Russia donates mobile Ebola lab to Guinea

© James Giahyue
A new mobile laboratory for diagnosing Ebola and other viruses donated by Russia was handed over to scientists from the Pasteur Institute in Guinea on Friday. The Ebola virus has killed thousands in West Africa since the outbreak in 2013.

The lab is part of a project financed by Russian aluminum producer Rusal. The Russian company invested $10 million to build and equip a research center for microbiological study and medical treatment in Kindia, Western Guinea.

Earlier this month, Russia registered a new Ebola drug. According to the Russian Health Ministry the vaccine has proved to be more effective than the other medicines currently being used to treat the disease.

The Guinean government has already asked Russia to help dispensing medicines in the coming months. The Russian health and foreign ministries started working with the African country.

The new center is aimed at diagnosing, treating and preventing infectious and highly contagious diseases. Initially the hospital was for the treatment of those infected with Ebola. The center is currently equipped with an infection hospital, a provisional hospital, a mobile laboratory and a blood and plasma transfusion department.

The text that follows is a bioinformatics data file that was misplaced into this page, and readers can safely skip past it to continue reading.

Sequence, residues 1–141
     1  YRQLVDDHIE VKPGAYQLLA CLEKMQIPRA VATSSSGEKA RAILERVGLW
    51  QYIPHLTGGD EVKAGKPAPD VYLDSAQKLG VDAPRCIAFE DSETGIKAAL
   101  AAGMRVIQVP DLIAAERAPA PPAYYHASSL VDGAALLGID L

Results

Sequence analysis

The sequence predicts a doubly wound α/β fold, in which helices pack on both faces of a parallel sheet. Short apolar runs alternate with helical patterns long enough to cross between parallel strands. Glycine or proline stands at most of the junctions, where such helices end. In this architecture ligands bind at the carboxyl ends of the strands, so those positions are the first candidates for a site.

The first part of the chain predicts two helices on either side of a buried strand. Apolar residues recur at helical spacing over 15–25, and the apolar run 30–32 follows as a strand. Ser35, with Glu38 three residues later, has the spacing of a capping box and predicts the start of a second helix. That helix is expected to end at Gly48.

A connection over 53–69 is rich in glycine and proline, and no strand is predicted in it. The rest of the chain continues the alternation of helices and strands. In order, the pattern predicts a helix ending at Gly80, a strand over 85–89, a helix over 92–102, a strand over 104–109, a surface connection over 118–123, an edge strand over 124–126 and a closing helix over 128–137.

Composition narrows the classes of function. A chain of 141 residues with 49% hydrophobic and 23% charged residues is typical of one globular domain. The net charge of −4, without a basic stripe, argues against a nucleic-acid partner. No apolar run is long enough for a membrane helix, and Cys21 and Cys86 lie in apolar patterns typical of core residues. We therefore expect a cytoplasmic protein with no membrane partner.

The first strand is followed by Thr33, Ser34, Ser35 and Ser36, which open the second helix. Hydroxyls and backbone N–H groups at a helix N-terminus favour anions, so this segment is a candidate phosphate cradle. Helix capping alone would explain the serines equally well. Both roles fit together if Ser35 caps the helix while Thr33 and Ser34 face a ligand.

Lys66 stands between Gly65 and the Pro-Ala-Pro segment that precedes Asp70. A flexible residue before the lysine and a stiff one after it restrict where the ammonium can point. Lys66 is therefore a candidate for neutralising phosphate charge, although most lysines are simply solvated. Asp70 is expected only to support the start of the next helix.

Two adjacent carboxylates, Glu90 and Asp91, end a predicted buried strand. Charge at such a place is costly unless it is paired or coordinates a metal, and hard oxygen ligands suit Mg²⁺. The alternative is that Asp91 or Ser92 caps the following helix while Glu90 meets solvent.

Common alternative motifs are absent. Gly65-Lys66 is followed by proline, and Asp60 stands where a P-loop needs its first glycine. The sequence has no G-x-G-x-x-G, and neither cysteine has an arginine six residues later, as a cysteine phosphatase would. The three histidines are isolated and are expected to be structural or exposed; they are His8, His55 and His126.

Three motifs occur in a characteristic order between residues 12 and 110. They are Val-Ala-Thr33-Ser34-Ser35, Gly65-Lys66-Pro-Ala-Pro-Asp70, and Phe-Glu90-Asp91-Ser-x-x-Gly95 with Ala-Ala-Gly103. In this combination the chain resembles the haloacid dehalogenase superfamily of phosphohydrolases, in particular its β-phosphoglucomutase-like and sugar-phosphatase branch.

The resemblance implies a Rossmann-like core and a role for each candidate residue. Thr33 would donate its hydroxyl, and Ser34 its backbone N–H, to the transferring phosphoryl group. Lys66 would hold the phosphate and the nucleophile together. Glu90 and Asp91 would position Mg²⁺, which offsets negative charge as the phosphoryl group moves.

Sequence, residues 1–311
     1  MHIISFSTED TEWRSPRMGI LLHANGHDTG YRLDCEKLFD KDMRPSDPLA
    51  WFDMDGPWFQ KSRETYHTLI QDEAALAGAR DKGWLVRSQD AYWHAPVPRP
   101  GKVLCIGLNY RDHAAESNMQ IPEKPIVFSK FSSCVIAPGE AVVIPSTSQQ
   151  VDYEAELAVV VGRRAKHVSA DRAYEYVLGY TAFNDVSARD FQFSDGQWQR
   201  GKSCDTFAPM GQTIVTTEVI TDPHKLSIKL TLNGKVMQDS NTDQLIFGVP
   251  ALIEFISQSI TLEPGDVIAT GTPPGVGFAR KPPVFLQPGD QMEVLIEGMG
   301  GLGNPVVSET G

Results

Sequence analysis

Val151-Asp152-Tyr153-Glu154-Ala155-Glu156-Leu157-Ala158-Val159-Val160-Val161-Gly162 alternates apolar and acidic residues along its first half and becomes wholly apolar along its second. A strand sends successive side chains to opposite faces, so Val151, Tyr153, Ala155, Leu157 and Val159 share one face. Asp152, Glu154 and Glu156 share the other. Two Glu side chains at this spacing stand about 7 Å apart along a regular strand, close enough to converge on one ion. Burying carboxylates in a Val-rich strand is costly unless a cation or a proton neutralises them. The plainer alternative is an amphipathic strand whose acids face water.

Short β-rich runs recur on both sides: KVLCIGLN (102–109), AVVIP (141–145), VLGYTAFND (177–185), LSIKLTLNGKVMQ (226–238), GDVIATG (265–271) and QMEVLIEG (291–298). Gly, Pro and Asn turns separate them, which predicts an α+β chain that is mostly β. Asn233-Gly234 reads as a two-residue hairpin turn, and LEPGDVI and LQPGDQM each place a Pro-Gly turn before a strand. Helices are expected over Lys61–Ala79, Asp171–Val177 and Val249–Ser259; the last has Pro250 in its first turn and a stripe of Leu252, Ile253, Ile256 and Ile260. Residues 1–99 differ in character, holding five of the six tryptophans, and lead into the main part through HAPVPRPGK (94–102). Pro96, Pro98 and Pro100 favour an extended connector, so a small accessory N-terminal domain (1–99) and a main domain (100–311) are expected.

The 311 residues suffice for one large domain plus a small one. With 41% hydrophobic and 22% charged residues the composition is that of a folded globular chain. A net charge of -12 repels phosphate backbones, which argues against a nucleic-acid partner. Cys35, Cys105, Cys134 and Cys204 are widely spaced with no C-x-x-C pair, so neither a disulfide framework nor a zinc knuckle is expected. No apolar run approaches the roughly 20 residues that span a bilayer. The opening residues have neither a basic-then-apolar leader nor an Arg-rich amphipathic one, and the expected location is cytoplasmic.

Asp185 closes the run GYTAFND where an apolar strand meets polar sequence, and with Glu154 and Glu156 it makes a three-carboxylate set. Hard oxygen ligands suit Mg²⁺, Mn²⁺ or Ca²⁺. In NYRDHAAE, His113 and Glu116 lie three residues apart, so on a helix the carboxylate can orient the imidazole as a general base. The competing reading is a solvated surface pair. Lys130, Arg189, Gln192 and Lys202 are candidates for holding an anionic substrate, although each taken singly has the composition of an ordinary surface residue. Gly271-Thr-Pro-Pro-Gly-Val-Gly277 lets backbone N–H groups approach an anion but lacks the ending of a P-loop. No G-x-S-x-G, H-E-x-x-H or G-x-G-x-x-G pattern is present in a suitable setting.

Russia's Ambassador to Guinea and Sierra Leone Alexander Bregadze said there will be more cooperation between the countries. “We managed to suppress the epidemics. Now we have to continue working to prevent an outbreak of Ebola and other diseases in Guinea and the neighboring states,” he added.

Rusal representative Pavel Vasiliev said the laboratory was handed over at the request of Prime Minister Dmitry Medvedev.

Rusal is one of the world's largest aluminum producers, and is one of Guinea’s biggest investors. The company actively assisted the government in fighting the Ebola outbreak. The miner employs nearly 1,500 local people.

READ MORE: Russian scientists to set up lab in Guinea to fight Ebola

An Ebola fever outbreak began in December of 2013, spreading from Guinea to neighboring Liberia and Sierra Leone. The epidemic claimed the lives of 11,000 people in these three countries, with 28,000 infected with the virus.